But if Harold is a good friend and confidant of John then his remarks on slandering will probably generate other images and feelings that only Joe experiences. If Harold is clearly not John’s friend what Joe feels may be no more than some uneasiness.
Context is everything though it isn’t everything, if you know what I mean.
(In light of the above we can identify some of a writer’s basic convictions—he fervently promotes X and fiercely opposes Y so unless he contradicts himself or changes his mind we can go to his other writings and use those convictions to help us understand him. What we won’t do is interpret him so as to contradict his stance on X and Y. )
This has massive ramifications for all communication; biblical and otherwise. Speech creates “worlds” in which various feelings, responses, convictions and directions are promoted and pursued and shaped. If John’s words don’t “create” Joe’s world they certainly shape it and shape it forever. (That point needs careful development.)
For NT believers there’s no doubt whatever that without Jesus, His person and work, Sin isn’t dealt with. Believers don’t need to prove again and again what no believer in 2,000 years has doubted or would dream of doubting.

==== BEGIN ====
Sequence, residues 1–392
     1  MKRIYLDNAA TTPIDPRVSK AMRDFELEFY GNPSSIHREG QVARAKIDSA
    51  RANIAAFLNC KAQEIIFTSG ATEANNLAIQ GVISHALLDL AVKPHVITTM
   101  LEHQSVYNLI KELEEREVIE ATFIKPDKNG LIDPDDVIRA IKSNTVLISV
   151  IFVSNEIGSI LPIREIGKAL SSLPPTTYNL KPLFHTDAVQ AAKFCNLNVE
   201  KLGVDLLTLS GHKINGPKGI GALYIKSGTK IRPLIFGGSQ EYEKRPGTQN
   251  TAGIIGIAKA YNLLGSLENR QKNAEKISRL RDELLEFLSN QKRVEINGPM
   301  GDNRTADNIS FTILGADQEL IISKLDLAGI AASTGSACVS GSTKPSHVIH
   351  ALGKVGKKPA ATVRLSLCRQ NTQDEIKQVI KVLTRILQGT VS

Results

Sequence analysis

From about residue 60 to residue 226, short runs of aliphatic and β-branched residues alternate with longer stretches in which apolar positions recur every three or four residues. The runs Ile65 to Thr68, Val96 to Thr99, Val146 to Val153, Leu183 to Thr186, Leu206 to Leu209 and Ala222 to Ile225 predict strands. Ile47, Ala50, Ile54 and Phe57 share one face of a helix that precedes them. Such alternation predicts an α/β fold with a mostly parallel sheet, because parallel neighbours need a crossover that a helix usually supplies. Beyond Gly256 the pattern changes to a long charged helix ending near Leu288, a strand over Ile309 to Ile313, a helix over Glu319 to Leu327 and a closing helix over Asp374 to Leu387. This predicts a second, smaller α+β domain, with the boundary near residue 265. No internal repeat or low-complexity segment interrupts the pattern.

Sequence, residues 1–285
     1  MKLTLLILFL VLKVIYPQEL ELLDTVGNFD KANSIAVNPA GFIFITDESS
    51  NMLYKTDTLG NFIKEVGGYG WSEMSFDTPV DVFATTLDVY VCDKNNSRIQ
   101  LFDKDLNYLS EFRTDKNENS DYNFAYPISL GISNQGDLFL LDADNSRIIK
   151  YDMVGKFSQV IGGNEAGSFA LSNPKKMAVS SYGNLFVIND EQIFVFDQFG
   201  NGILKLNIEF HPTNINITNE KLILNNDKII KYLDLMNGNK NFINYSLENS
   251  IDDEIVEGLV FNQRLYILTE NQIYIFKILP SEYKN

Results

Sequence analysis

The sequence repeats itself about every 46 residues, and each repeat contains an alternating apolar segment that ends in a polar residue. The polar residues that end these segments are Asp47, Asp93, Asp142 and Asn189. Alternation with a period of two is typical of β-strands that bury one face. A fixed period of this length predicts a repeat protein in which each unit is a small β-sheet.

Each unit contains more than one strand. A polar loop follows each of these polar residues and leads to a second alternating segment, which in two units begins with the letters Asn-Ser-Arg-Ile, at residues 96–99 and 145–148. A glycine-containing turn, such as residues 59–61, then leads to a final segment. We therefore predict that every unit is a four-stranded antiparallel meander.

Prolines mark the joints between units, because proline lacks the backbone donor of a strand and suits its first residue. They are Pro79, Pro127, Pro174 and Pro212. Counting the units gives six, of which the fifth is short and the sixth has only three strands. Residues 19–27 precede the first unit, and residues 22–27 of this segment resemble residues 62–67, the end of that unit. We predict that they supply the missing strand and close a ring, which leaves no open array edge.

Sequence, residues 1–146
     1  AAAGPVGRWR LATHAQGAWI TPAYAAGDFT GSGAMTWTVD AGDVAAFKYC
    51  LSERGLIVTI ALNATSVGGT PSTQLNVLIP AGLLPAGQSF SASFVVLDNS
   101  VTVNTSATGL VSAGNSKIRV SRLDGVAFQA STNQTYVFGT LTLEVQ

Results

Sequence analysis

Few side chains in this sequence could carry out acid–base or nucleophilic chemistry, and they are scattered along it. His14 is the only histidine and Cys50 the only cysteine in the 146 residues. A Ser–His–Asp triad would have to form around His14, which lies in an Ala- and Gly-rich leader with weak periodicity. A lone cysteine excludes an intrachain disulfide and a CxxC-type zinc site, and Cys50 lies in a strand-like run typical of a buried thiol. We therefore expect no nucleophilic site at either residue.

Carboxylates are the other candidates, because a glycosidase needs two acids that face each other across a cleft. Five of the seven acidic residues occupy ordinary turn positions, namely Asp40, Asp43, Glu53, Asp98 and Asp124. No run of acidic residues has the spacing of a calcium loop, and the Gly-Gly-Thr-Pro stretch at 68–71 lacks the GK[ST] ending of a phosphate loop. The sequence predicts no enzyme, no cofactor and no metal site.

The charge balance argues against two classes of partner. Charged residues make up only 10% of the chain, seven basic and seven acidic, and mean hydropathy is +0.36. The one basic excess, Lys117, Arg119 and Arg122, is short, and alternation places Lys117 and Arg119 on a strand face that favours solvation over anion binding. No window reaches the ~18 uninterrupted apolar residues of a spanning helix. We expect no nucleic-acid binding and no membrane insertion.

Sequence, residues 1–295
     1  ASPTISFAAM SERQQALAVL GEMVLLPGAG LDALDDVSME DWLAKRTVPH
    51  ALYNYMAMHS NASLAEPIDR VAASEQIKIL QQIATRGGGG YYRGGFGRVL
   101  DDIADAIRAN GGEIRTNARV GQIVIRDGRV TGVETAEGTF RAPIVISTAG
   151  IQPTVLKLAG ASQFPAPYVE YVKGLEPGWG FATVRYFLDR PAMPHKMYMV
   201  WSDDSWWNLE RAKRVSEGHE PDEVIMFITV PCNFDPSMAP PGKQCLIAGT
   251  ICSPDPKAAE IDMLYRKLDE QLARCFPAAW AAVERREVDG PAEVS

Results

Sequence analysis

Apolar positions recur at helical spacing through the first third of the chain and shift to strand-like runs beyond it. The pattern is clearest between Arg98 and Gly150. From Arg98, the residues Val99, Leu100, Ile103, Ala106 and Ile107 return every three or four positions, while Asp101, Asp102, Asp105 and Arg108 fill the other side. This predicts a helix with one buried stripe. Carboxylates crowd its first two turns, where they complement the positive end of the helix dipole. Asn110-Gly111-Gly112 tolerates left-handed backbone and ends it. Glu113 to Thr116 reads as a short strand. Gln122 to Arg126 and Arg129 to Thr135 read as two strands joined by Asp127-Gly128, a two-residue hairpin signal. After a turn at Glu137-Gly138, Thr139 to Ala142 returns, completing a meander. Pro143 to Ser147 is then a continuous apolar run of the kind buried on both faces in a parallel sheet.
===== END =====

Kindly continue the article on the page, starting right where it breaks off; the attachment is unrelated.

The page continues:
Precisely how Christ “deals with” Sin is still disputed though it’s clear that the evangelical stream currently prefers the penal substitution view which I think is bad doctrine that requires either universalism or limited atonement as in Augustinian Calvinism. (I’ve worked with that some in The Dragon Slayer.) Setting aside atonement theory what’s indisputable for people like us is this: Christ dealt with Sin or it wasn’t dealt with. The Incarnation, life, death, resurrection and glorification of Jesus Christ is/are the objective realities the NT says are indispensable for reconciliation and so deal with Sin that it is not an indestructible enemy of sinners—Christ conquered it so that sinners can conquer it also [John 12:41;16.33; 1 John 5:4-5]. How He “conquered” it is complex and numerous theories are offered.